The Tombs of the Kings is an extensive necropolis lying about two kilometres north-west of Paphos Castle. It is a UNESCO World Heritage Site. It is consisted of seven underground tombs which are carved out of solid rock. The site takes over a large beachfront area facing the west coast of Paphos.
Many of the tombs date back to the 4th century BC and are thought to have been the burial site of local aristocrats and high officials up untill the 3rd century AD. The name Kings does not mean that kings were buried here. It is used to show the magnificence of the tombs. The tombs are unique as at times they imitated the houses of the living. Some of them feature Doric columns and walls with frescoes. Access into the underground tombs is offered through steps and pathways formed at the time when the tombs were carved.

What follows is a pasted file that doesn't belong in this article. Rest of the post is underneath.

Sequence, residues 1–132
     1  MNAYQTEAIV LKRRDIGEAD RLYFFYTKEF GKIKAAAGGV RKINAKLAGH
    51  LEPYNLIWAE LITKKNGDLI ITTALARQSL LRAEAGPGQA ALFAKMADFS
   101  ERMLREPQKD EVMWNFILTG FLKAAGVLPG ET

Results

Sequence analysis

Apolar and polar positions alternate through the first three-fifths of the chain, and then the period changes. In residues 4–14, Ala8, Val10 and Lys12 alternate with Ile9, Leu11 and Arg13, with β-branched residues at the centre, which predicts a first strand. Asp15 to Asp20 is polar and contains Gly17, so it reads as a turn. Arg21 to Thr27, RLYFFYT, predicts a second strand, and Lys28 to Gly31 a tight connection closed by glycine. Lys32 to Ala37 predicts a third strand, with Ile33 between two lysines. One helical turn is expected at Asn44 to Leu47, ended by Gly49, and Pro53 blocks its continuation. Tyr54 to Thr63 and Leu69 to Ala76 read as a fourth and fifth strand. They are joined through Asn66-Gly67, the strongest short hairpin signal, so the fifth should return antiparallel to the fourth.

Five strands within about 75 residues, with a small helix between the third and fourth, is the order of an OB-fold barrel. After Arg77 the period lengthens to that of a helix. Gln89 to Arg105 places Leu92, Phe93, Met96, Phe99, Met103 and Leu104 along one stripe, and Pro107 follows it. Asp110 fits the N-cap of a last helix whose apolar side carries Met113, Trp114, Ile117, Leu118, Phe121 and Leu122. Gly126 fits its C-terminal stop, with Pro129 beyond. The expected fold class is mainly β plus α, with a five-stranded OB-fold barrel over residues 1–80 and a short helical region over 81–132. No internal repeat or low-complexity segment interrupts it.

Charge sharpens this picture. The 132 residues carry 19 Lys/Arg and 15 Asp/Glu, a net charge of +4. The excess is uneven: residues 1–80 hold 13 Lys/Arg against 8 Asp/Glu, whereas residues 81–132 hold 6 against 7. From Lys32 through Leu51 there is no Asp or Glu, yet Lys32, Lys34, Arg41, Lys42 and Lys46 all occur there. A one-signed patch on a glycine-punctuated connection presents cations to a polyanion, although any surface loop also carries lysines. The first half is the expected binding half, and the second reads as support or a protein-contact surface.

The first systematic archaeological examinations and excavations started in the 1970's by Dr Sophocles Hadjisavvas. However, archaeological excavations are still being carried out at the site. many findings revealed from the excavations that are examined to define the exact chronology of the site. Due to the Paphian habit of offer Rhodian amphorae for a burial, it is possible for scientists to give a date through the manufacturing stamps placed on the handles of these amphorae.
At the same site there is a Byzantine church known as Paleoekklisia featuring traces of wall frescoes. A visit tot the Tombs Of The Kings site is a really fascinating experience for all the family.
Opening Hours: 08:30 - 17:00 (October - April)
08:30 - 19:30 (May - September)
Entrance: 3,40 Euro